During the Recovery Ally Training hosted by NPC, presenter Thomas Bannard (MBA, CPRSS, CADC, Assistant Director Substance Use and Recovery Support at Virginia Commonwealth University) shared many facts that stuck with the attendees. One of those is the idea that a person who has a substance use disorder (SUD) may suffer from Post-Acute Withdrawal Syndrome (PAWS), causing family members to believe the person is misusing substances again.
For family members new to recovery, who are trying their best to be supportive, constantly wondering if they are crossing the line of enabling or going in the other direction and acting judgmental, knowing about post-acute withdrawal symptoms is critical.
Withdrawal symptoms can occur right away when a person stops drinking or using drugs. They are acute, consuming, and certainly uncomfortable. Depending on what type of substance a person has been using, the withdrawal symptoms may include effects such as sweating, fatigue, insomnia, aches and pains, dizziness, nausea, vomiting, cramping, headaches, and more. Fortunately, the symptoms are likely to end within weeks, though this will vary from person to person. When withdrawal symptoms continue after this initial stage, the person has entered PAWS. This is most likely to occur among those who have been using opioids, due to their highly addictive nature, but can occur with nearly any substance, including alcohol.
Long-term PAWS can continue for months, even years, making it extremely difficult for the person to remain in recovery. The symptoms can also occur intermittently, meaning that the person will feel well for a few days, then suddenly have symptoms. This irregularity is what causes some loved ones to think the person is misusing drugs or alcohol again, because the person was “fine” and then suddenly isn’t. In the mind of the family and friends, the only plausible explanation is that the person is misusing substances again, but this is often not the case. It is often the result of PAWS.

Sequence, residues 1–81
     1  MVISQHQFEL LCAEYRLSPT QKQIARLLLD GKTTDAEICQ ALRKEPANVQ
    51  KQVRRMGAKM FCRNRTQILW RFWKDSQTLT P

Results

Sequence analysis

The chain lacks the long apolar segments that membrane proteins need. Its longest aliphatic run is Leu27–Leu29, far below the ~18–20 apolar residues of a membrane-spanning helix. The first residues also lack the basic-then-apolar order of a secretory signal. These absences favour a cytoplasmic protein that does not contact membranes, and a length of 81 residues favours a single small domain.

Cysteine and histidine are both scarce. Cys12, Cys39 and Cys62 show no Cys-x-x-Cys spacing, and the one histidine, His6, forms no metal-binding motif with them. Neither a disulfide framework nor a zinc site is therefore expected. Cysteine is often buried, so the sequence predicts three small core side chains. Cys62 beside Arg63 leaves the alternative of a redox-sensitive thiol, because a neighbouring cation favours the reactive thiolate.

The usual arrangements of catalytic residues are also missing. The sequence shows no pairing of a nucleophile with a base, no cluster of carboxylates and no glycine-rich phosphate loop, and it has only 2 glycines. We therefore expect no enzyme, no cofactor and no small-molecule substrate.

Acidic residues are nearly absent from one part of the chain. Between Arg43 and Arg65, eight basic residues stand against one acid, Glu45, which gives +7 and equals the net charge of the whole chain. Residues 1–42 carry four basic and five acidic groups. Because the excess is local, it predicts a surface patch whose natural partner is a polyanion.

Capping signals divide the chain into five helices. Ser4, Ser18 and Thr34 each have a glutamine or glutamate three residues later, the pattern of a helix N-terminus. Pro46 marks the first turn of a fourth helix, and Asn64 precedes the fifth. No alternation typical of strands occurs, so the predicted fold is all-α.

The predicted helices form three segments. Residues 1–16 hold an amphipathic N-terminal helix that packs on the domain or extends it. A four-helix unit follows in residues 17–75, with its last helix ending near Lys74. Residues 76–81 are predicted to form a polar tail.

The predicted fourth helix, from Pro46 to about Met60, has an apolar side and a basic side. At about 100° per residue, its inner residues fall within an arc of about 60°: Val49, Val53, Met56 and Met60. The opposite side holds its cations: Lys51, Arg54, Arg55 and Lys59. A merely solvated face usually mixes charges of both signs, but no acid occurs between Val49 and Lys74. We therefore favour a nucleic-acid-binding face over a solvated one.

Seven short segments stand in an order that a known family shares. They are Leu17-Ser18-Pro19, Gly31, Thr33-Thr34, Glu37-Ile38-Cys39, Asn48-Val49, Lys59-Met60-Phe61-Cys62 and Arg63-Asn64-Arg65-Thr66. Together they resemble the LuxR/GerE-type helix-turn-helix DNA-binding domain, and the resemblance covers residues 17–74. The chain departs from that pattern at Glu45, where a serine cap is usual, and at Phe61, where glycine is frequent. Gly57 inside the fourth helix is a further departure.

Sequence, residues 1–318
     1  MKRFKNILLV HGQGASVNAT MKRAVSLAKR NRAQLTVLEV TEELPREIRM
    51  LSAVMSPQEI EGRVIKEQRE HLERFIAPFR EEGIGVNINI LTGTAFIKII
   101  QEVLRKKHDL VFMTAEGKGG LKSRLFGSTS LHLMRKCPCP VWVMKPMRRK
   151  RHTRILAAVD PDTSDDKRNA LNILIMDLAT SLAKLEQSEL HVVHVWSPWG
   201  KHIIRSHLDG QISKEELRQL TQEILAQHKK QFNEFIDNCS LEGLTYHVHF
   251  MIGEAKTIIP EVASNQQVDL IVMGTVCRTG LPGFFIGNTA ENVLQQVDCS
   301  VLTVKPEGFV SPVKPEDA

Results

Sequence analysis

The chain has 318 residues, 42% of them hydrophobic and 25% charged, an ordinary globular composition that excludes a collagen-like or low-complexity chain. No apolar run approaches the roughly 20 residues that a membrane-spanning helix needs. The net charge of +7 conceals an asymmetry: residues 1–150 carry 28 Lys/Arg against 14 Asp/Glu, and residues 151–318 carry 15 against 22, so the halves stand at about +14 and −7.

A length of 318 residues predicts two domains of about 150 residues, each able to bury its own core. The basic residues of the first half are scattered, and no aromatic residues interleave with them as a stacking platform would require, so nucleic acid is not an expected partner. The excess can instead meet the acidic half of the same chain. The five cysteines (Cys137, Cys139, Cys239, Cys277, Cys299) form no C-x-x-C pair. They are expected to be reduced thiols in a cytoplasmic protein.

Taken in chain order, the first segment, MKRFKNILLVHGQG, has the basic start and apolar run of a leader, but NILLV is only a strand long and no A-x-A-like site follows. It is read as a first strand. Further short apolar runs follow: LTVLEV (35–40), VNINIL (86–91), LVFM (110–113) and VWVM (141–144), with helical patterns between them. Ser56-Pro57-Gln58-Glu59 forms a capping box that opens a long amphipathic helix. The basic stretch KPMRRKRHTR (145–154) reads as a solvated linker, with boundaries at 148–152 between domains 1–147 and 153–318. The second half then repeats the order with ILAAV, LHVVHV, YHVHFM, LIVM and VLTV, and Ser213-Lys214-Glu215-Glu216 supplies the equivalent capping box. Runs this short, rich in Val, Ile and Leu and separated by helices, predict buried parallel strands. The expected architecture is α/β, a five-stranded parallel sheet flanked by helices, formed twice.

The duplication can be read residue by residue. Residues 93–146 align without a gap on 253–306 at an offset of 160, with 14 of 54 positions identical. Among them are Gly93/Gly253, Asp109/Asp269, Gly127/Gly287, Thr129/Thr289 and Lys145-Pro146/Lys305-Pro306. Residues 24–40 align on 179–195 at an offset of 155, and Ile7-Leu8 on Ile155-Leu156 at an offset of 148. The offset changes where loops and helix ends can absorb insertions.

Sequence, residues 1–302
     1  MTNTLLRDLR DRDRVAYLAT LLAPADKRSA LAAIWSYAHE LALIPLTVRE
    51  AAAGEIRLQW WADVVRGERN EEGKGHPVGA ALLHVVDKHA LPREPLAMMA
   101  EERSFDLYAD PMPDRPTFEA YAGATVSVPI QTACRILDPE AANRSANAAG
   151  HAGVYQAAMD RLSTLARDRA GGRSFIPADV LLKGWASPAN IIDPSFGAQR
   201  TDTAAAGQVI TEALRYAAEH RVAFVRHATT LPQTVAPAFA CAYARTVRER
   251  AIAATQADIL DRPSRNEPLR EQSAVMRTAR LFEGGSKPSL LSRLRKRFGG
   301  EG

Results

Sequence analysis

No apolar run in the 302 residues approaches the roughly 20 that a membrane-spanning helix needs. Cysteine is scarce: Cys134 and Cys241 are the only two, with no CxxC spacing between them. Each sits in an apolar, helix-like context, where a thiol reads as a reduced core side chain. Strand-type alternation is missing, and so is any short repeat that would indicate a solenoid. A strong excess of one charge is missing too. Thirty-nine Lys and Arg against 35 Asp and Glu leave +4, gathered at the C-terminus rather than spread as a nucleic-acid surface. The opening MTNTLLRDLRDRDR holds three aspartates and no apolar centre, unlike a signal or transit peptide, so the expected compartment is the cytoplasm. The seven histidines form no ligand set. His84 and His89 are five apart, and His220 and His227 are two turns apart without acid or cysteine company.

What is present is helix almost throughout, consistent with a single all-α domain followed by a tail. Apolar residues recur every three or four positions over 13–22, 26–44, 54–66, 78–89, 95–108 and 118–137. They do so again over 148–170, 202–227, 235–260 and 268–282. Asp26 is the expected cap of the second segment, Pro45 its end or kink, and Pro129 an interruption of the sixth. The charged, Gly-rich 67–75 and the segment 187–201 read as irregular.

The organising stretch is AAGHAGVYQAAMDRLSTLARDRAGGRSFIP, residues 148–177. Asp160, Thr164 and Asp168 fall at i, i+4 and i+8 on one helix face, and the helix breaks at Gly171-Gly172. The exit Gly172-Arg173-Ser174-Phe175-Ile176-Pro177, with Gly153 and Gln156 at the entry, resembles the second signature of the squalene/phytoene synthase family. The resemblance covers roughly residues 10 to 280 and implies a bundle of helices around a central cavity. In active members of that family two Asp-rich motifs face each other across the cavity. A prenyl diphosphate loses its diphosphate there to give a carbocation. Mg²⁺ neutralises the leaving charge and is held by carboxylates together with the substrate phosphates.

Some common PAWS symptoms include:
- Anhedonia (lack of pleasure)
- Anxiety or panic attacks
- Depersonalization (not feeling like yourself)
- Difficulty setting priorities/focusing/concentrating
- Difficulty sleeping/insomnia
- Hypersensitivity (feeling overly sensitive to lights, sounds, touch)
- Irritability, aggression, hostility
- Lack of motivation
- Memory loss
- Mood swings
- Poor impulse control
- Social withdrawal (finding it difficult to interact with others)
- Stress sensitivity
- Suicidal thoughts
How Friends and Family Can Help
Familiarizing themselves with PAWS is one way that families and friends can help a person in recovery stay in recovery. Be aware that the brain is correcting the chemical imbalances that the SUD created, and that process is similar to exercising—there will be good days and bad days. There may be a month of good days, and then suddenly the symptoms reappear. Making yourself available to listen and support is a critical part of someone in recovery staying in recovery. If they feel they have someone to turn to, someone who will believe in them and listen to them, they are likely to reach out for help. If they feel alone, isolated, and/or judged, then they may turn back to substance misuse.
Encourage your loved one to practice self-care consistently, through exercise, learning healthy coping mechanisms, and positive self-affirmations, such as “I am enough,” or “I am worth it.” Getting enough sleep and eating right are critical. Maybe you can walk part of that journey with your loved one—maybe you need to eat better, exercise more, or get more sleep. Small ways of walking alongside them can make a world of difference.